a great active listening example by Robert McCloskey
I know that you believe you understand what you think I said, but
I'm not sure you realize that what you heard is not what I meant.”
Human beings normally have two ears, nevertheless it's our one mouth that takes the show. Even if most of us describe ourselves as “being good listeners,” what we end up hearing most of the time is ourselves.
We may have come into this life with the ability to listen, but active listening is a skill that must be mastered.
The essence of active listening is being able to focus on what another person is saying without being distracted. When someone speaks, they want to feel heard, this need is ingrained in all of us. Human beings need to communicate, when we can't or feel that we're not being listened to, it affects that most basic part of ourselves – our self esteem.
The better you are at active listening, the more information you will attain from what others are telling you.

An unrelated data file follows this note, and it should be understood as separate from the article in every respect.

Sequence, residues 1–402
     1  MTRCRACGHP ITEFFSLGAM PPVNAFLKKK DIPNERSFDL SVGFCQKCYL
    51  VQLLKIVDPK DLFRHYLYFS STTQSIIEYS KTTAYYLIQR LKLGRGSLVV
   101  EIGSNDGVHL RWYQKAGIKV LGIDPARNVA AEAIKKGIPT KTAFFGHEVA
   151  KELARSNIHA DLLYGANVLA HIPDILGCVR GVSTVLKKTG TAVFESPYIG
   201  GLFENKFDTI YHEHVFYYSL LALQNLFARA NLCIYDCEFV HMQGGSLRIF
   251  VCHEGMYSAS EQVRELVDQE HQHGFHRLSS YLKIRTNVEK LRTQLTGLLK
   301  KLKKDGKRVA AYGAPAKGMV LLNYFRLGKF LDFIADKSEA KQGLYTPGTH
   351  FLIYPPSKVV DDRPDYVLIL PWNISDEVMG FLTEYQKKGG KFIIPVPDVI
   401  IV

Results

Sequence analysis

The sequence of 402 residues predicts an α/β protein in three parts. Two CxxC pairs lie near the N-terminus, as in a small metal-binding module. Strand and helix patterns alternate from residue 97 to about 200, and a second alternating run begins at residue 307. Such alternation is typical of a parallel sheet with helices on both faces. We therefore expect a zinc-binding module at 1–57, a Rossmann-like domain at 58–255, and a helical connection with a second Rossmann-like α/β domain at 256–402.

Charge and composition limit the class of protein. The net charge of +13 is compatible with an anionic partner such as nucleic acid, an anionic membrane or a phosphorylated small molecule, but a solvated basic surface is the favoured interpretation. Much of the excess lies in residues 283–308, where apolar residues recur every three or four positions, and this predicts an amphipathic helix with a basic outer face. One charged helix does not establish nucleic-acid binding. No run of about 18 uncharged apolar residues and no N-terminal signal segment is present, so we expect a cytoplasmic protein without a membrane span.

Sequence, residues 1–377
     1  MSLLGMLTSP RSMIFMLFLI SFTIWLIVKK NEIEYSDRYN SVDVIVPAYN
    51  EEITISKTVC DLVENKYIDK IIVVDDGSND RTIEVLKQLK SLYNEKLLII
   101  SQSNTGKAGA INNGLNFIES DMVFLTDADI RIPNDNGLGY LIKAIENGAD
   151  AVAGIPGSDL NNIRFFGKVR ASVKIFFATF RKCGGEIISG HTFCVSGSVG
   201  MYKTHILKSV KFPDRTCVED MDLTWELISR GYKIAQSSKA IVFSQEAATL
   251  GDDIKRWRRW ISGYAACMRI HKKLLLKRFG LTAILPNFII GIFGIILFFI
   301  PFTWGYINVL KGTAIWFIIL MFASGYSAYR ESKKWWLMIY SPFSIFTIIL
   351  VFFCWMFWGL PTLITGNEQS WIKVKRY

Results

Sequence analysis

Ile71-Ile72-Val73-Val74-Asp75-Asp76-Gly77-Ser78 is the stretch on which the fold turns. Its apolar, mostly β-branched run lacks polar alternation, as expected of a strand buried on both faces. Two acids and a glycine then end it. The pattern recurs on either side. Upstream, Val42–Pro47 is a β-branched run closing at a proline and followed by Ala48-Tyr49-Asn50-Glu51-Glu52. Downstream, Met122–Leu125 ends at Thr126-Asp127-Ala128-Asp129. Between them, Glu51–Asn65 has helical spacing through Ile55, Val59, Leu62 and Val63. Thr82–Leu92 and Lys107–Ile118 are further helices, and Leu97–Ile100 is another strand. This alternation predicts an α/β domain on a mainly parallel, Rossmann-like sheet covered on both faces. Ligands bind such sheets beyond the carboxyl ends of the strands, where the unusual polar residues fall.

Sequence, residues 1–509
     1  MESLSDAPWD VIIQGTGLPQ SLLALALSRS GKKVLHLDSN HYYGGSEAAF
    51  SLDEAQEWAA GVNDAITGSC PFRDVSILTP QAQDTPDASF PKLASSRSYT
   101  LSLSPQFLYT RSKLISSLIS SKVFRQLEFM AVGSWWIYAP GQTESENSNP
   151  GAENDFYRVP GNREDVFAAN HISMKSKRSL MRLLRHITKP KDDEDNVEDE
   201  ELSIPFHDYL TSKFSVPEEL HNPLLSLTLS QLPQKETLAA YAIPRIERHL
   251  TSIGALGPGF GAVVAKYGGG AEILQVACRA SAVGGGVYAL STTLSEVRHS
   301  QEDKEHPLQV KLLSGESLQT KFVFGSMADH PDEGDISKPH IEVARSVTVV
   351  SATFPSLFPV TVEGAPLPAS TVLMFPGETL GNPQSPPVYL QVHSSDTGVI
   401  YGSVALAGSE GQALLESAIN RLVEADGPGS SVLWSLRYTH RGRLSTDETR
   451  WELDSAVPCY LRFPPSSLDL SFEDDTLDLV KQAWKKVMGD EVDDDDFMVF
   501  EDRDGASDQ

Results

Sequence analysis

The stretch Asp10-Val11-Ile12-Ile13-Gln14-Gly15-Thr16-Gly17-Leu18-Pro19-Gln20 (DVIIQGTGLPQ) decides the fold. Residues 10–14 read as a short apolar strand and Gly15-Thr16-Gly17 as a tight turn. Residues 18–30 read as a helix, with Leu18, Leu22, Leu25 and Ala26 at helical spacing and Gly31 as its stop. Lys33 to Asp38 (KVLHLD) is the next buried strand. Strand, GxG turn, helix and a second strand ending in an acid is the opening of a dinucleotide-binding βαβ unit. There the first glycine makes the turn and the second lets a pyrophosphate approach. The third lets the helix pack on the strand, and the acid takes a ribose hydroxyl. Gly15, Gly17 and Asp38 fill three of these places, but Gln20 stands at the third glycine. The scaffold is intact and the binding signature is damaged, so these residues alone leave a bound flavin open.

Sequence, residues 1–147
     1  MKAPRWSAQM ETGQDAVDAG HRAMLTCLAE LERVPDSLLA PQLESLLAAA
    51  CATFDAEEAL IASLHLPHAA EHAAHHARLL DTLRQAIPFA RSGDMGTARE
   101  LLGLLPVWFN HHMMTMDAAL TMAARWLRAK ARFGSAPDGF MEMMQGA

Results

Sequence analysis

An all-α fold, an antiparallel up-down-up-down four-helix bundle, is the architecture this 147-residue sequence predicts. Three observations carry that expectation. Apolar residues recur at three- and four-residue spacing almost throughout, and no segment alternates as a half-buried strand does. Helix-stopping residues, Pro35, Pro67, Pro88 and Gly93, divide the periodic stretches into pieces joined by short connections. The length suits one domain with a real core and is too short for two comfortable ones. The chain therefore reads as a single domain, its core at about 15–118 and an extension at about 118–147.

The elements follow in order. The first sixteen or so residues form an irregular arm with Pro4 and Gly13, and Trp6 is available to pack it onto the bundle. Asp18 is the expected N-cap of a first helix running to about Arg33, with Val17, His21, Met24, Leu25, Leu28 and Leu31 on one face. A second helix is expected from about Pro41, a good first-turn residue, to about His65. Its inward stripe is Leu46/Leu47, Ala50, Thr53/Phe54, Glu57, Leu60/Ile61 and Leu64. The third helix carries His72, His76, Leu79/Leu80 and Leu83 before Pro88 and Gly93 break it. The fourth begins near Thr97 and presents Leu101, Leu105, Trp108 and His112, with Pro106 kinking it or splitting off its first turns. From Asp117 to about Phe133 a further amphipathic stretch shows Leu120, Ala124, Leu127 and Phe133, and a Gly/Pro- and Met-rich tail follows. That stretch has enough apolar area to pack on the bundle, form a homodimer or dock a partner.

This can pay off with big rewards in your career and strengthen the bond with your family and friends.
How well you listen has a major impact on job effectiveness and the quality of your relationships.
Listening is a skill that we can all benefit from improving.
Listening creates an environment of trust.
Companies are learning that trust determines the speed of communication.
When trust is low you limit communication.
When people are in trust they communicate everything openly without restrictions. You get a huge flow on information.
With distrust they only communicate a small percentage of the information they have.
Eventually this leads to breakdowns.
Think about how much information you get everyday from listening.
And of all of this listening how much are you:
Chances are it is a lot less then you think.
A lot of the time we ACT as if we are listening to another person but in reality our minds are onto other topics or are already planning what we are going to say in return.
When we are pre-occupied with ourselves and our own thoughts we can miss important things the other person is saying.
There are five key elements of conscious listening. They all help you ensure that you hear the other person, and that the other person knows you are hearing what they say.
Show that You Are Listening.
Tip: If you find yourself responding emotionally to what someone said, say so, and ask for more information: "I may not be understanding you correctly, and I find myself taking what you said personally. What I thought you just said is XXX; is that what you meant?".
Start using active listening today to become a better communicator, improve your workplace productivity, and develop better relationships.